Coco Before Chanel Review: (Almost) Seamless
With a number of Chanel biopics showing at Cannes, the impending release of The September Issue that chronicles US Vogue editor Anna Wintour’s preparations for the biggest magazine of the year, and, erm, the style wunderkind that is Bruno, 2009 looks to be shaping up as the year for fashion-orientated films.
Coco Before Chanel, based on the book by Edmonde Charles-Roux and directed by Anne Fontaine, follows a young Gabrielle “Coco” Chanel from her humble orphanage beginnings to her stint doing cabaret, later focusing on her stay in the house of playboy Etienne Balsan in the early 1900s, where she would fall in love with Brit Arthur “Boy” Capel.
Audrey Tautou is perfect playing the coolly headstrong Chanel. She scoffs at the flamboyant, curtain-like fashions of the time, opting for a more restrained aesthetic. We watch her journey from talented seamstress to hat designer, to eventually the genesis of international fashion powerhouse Chanel.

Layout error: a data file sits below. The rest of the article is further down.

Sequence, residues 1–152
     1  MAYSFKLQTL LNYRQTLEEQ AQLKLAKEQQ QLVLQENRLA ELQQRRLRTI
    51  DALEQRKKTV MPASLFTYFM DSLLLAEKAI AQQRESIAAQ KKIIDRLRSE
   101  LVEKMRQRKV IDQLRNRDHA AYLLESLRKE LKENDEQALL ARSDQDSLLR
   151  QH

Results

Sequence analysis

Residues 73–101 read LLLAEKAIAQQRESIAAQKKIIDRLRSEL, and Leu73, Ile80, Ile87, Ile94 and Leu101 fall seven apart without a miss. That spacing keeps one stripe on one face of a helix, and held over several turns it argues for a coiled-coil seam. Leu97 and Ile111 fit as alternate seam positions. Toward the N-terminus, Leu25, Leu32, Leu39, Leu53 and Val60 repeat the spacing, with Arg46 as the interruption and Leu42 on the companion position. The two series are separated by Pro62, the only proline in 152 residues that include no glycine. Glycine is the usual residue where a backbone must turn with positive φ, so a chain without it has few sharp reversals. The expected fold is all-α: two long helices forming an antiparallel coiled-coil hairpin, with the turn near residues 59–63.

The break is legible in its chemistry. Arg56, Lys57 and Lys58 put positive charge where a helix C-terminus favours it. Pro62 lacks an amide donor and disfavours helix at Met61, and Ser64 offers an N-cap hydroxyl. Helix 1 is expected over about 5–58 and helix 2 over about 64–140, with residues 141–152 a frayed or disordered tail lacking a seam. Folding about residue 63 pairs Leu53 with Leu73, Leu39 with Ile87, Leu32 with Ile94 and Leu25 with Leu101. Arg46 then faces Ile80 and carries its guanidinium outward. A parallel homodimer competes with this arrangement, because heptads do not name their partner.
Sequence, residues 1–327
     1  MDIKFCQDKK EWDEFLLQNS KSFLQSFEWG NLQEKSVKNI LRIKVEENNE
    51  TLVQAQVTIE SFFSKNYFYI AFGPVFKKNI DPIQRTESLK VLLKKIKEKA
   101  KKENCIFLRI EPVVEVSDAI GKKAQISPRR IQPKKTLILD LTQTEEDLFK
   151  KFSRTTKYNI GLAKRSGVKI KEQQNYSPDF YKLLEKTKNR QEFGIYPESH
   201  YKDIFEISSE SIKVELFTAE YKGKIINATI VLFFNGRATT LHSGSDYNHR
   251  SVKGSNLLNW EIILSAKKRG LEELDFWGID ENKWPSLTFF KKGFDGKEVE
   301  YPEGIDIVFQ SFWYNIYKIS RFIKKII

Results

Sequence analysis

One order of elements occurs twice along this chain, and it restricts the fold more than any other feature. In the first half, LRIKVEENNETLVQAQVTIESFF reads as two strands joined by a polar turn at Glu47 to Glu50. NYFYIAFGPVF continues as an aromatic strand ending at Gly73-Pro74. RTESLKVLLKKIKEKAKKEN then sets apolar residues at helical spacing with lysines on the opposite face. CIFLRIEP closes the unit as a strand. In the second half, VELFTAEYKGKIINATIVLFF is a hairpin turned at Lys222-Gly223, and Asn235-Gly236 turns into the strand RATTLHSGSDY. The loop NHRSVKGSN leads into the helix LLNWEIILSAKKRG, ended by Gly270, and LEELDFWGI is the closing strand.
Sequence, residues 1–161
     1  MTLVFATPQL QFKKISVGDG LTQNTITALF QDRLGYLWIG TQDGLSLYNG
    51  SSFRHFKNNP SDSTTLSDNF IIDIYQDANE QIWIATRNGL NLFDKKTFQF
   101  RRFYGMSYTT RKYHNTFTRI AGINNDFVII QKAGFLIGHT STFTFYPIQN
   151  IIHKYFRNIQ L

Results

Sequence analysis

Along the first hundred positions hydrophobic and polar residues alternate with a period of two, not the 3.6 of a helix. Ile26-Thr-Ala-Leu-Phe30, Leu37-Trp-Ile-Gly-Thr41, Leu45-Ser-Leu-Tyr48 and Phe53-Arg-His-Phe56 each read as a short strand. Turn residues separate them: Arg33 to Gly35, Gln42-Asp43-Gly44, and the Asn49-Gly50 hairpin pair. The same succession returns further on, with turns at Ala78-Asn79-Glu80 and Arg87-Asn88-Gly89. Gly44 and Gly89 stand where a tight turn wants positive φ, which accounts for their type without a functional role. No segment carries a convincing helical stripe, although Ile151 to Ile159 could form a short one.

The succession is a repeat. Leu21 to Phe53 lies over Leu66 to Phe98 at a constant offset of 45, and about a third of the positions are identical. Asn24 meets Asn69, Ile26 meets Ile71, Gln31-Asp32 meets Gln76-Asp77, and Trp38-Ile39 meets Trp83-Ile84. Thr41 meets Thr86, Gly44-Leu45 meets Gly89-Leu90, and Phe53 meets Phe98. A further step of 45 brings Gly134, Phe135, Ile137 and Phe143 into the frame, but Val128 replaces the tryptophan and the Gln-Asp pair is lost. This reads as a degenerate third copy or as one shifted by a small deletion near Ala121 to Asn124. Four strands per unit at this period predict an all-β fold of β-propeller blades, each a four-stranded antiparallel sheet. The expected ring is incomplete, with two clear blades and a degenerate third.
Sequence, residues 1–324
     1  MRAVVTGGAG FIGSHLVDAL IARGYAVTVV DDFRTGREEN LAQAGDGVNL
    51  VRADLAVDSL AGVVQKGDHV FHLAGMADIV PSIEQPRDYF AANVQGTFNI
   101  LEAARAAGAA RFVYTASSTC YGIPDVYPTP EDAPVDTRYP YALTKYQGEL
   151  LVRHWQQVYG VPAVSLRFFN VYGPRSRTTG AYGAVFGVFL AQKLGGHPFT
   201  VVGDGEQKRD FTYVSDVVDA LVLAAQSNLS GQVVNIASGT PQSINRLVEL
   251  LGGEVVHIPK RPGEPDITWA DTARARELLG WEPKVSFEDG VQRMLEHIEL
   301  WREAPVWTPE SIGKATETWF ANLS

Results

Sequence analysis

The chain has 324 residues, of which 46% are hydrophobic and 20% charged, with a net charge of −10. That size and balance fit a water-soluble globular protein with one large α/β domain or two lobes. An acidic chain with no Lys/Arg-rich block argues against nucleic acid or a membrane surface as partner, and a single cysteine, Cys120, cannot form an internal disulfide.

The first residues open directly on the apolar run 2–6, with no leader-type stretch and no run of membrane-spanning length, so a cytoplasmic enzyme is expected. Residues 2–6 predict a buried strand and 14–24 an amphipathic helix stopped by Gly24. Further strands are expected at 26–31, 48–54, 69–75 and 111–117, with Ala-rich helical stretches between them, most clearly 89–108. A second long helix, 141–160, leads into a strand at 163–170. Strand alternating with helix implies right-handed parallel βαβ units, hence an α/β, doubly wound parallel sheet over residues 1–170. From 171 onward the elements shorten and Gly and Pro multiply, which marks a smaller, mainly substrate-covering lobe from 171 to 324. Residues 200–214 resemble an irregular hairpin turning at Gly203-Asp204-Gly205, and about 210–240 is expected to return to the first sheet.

The film gives a tantalising insight into the nature of Coco, offering secrets like jewels out of a box, though it sometimes frustratingly doesn’t seem to go deep enough; though then again, what better illustration of her allusive character?
It is very much a French affair; every shot is beautifully crafted, the story glides along with elegance and without haste. It allows the audience to wallow, absorb, and enjoy the characters that Coco encounters.
The wit is subtle – though delightfully so – and naturellement there is the odd jibe at the English. If you ever wondered what 20th Century provincial French life in the upper classes is like, this movie is for you.
Fashionistas may be disappointed though. As this is Coco before Chanel, Chanel as a designer and the clothes she makes feel a little like an afterthought, jarring with the overall tone of the film.
However it is a treat to see the style of clothes she wears during her stay at Balsan’s and their shapes echoed in her first collections that continue to influence today’s catwalk trends.
Coco Before Chanel does have ulterior motives, gradually (d)evolving into a love story, spotlighting Chanel’s relationship with “Boy” Capel. While this plot development may serve for the film’s pigeon-hole-ability, (so it’s not just a biopic) the ride is such a pleasant one that’s so nice to look at, it is forgiven.